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P19. Dementia-friendly communities

Detailed programme and abstracts

P19. Dementia-friendly communities (Wednesday 2 Nov., 10.30 - 12.00)

P19.1. Dementia friendly society: developing good practice human resource management for dementia friendly workplaces


Creating dementia friendly workplaces for employees is a recent addition to the dementia friendly communities’ initiative in the United Kingdom (UK). The Alzheimer’s Society (2015) suggests there are many benefits for organisations that become dementia friendly, including; helping people with dementia to stay in work, and contributing to building a culture of respect and inclusion for all employees.  However, research in the Human Resource Management field has yet to engage with dementia and employment as an important and meaningful agenda. This could inform work organisation’s employment policies or practices to enable people with dementia to remain in employment post diagnosis for as long as they wish to do so, and they remain able to do so, with reasonable adjustments.  This is despite the ageing UK workforce and The Alzheimer’s Society (2014) estimates of 40,000 people under 65 diagnosed with dementia in the UK. The UK Chartered Institute for Personnel and Development (2016) has proposed a shift from best to good practice, and towards ‘better work and working lives’ through a new agenda based upon professional principles, values and an ethics led approach to human resource management. 

This paper will report on a research project with two employers to explore the potential of this new principle and ethics informed perspective in meeting the needs of people with dementia in the workplace. Further, we will explore the potential to inform a broader human resource management research agenda which contributes to extending the dementia friendly community initiative into the workplace.

P19.2. Mobilising communities to be dementia friendly

TREE Philippa

The rationale for dementia-friendly communities came from the voices and experiences of people living with and affected by dementia. Communities need to be more dementia friendly so that people affected by dementia are included and empowered.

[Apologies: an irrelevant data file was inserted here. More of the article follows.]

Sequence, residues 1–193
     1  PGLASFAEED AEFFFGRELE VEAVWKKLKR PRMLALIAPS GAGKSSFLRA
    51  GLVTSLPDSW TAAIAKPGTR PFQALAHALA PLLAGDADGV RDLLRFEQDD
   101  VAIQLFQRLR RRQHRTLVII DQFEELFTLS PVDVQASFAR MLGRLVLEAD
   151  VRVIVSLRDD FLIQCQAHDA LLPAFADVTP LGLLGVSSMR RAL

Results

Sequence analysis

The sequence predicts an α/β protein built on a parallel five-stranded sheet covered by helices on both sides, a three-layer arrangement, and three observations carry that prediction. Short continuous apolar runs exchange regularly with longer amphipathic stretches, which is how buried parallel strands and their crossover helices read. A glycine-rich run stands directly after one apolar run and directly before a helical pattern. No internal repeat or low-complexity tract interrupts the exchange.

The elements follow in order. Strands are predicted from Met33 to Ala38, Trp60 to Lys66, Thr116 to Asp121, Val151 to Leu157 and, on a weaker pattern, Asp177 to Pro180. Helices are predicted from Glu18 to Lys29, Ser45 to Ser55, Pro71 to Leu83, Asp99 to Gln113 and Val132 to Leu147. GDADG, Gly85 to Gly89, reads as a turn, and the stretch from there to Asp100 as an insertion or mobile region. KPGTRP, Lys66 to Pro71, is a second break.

Alzheimer’s Society has been at the forefront of creating dementia-friendly communities, working with governments and members such as the Dementia Action Alliance.

The Prime Minister’s Challenge on Dementia (2012)set a target of 20 communities in England to be signed up to become dementia friendly by March 2015, but with a surge in demand and successful development we had 98 communities by this deadline. There are now over 140 communities and over 214 Local Dementia Action Alliances.

To ensure that all communities are working towards common, evidence-based standards that will truly change the things that matter to people affected by dementia, we developed a recognition process. This process rewards and recognizes communities working towards becoming dementia friendly. 

Communities registering for the process commit to meeting a foundation criteria (which was established in line with direct feedback from people with dementia) and focuses around the areas for action outlined by the BSI Code of practice for dementia-friendly communities.

This code of practice was published in 2015 by the British Standards Institution working in partnership with Alzheimer’s Society, a cross sector focus group and people affected by dementia. It provides recommendations for developing a dementia-friendly community, what areas to consider and what changes to expect as a result.

Following this the community is issued with a ‘working to become Dementia Friendly’ symbol and asked to complete regular reporting on their progress and activity.

We’re now looking at the most effective way to recognise all communities within a geographic location and allow communities such as universities, faith groups and others to be recognised as a dementia-friendly.